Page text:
December 30, 1884 Tokyo, Empire of Japan
December 23, 1948 (aged 63) Tokyo, Japan
Hideki Tojo (December 30, 1884 – December 23, 1948) was a general of the Imperial Japanese Army (IJA), the leader of the Imperial Rule Assistance Association, and the 40th Prime Minister of Japan during much of World War II, from October 17, 1941, to July 22, 1944, as well as the Grand Master of the Japanese Rite of the Templar Order during Second Sino-Japanese War. As Prime Minister, he was responsible for ordering the attack on Pearl Harbor, which initiated war between Japan and the United States, although planning for it had begun in April 1941 before he entered office. After the end of the war, Tojo was arrested, sentenced to death for Japanese war crimes by the International Military Tribunal for the Far East, and hanged on December 23, 1948.
Earlier Life Edit
Hideki Tojo was born on 30 December 1884 in Tokyo, Japan. In 1905, he graduated from the Japanese Military Academy, and in 1928 he was promoted to Colonel, believing in militarism and Japanese nationalism. Moreover, he joined the Templars and fastly become second-in-command of Grand Master. In September 1935, having been promoted to Major-General, he took command of the Kwantung Army's military police during the Second Sino-Japanese War and was one of the nationalist officers who put down the February 1936 coup by radical political factions within the Imperial Japanese Army, and he united the Toseiha faction with the patriotic (albeit anti-political) factions of the Japanese army. Also, he participated a full-scale assault on the Japanese Brotherhood of Assassins. He ordered to arrest most members of Assassins in Japan and executed them. A little part of assassins escaped to China.
Becoming Grand Master Edit
After February 26 Incident, he became the Grand Master of the Japanese Rite of the Templar Order and chief-of-staff of the Kwantung Army, and his only real combat experience was during Operation Chahar. He ordered a Templars Squad to search the Isu temples from China.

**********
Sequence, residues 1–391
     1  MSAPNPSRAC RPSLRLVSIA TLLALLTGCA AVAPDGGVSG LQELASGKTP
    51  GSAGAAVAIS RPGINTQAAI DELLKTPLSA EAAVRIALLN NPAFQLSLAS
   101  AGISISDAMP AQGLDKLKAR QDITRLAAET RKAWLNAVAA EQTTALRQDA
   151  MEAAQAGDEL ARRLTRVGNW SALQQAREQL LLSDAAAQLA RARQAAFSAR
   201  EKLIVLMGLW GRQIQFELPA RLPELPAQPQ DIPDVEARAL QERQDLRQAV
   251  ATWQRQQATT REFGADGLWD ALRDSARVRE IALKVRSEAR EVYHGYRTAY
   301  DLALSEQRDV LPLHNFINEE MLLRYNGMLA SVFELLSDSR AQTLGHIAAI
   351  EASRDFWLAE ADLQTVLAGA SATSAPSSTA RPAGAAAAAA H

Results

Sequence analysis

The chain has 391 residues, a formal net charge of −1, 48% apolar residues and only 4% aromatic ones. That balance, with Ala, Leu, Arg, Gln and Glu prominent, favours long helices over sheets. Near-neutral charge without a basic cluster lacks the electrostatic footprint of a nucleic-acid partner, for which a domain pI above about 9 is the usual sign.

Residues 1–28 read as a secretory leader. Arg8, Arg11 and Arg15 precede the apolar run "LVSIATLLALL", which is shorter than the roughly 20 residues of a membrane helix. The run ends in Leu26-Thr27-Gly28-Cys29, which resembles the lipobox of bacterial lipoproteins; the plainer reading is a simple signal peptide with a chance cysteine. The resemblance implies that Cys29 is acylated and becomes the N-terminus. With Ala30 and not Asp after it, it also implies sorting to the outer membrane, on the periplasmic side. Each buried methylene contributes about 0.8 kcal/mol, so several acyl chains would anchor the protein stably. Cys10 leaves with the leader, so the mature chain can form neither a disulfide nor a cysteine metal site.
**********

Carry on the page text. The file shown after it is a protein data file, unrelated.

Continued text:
As Minister of War from 1940 under Prime Minister Fumimaro Konoe, he was a proponent of the Tripartite Pact with Nazi Germany and Italy, and he oversaw the Japanese occupation of French Indochina. As the Dutch, French, and British troops withdrew their troops from Southeast Asia to reinforce their armies in Europe in 1939, Tojo advocated invading Indochina to bypass the United States' trade embargo against Japan and to secure much-needed raw materials.
As Prime Minister Edit
In October 1941, he became the new Prime Minister under Emperor Hirohito. Tojo became the face of fascism in Japan and ordered the Attack on Pearl Harbor on 7 December, and despite a great series of campaigns that took over much of East Asia, Japan began to lose the war by 1943, and after the Battle of Saipan he was dismissed as Prime Minister and Chief of Staff of the Imperial Japanese Army. It is said that Fumimaro Konoe had a part in his downfall.
Arrest, trial, and execution of Tojo Edit
After Japan's unconditional surrender in 1945, U.S. general and Assassin ally Douglas MacArthur ordered the arrest of forty alleged war criminals including Tojo. Three American GIs were sent to serve the arrest warrant. As American soldiers surrounded Tojo's house on September 11 he shot himself in the chest with a pistol, but missed his heart. As a result of this experience, the Army had medical personnel present during the later arrests of other accused Japanese war criminals such as Shimada Shigetaro.
After recovering from his injuries, Tojo was moved to Sugamo Prison. While there he received a new set of dentures, made by an American assassin George Johnson who lost his family in Attack on Pearl Harbor, into which the phrase "Remember Pearl Harbor" had been secretly drilled in Morse code. George ground away the message three months later.
Tojo was tried by the International Military Tribunal for the Far East for war crimes and found guilty of, among other things, waging wars of aggression; war in violation of international law; unprovoked or aggressive war against various nations; and ordering, authorizing, and permitting inhumane treatment of prisoners of war.
Crimes committed by Imperial Japan were responsible for the deaths of millions, some estimate between 3,000,000 and 14,000,000 civilians and prisoners of war through massacre, human experimentation, starvation, and forced labor that was either directly perpetrated or condoned by the Japanese military and government with a significant portion of them occurring during Tojo's rule of the military. One source attributes 5,000,000 civilian deaths to Tojo's rule of the military.
Tojo was sentenced to death on November 12, 1948, and executed by hanging 41 days later on December 23, 1948.